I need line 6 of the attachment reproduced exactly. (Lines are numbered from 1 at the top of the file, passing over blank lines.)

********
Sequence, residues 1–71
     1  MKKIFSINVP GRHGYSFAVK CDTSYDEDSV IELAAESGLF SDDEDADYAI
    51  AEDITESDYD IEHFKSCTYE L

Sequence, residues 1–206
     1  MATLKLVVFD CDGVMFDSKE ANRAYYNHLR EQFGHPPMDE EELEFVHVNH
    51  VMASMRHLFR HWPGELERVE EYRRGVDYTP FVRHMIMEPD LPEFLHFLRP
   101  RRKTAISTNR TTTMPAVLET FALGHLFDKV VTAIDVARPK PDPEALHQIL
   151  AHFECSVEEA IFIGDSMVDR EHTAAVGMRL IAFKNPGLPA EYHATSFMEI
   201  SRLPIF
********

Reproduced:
    51  VMASMRHLFR HWPGELERVE EYRRGVDYTP FVRHMIMEPD LPEFLHFLRP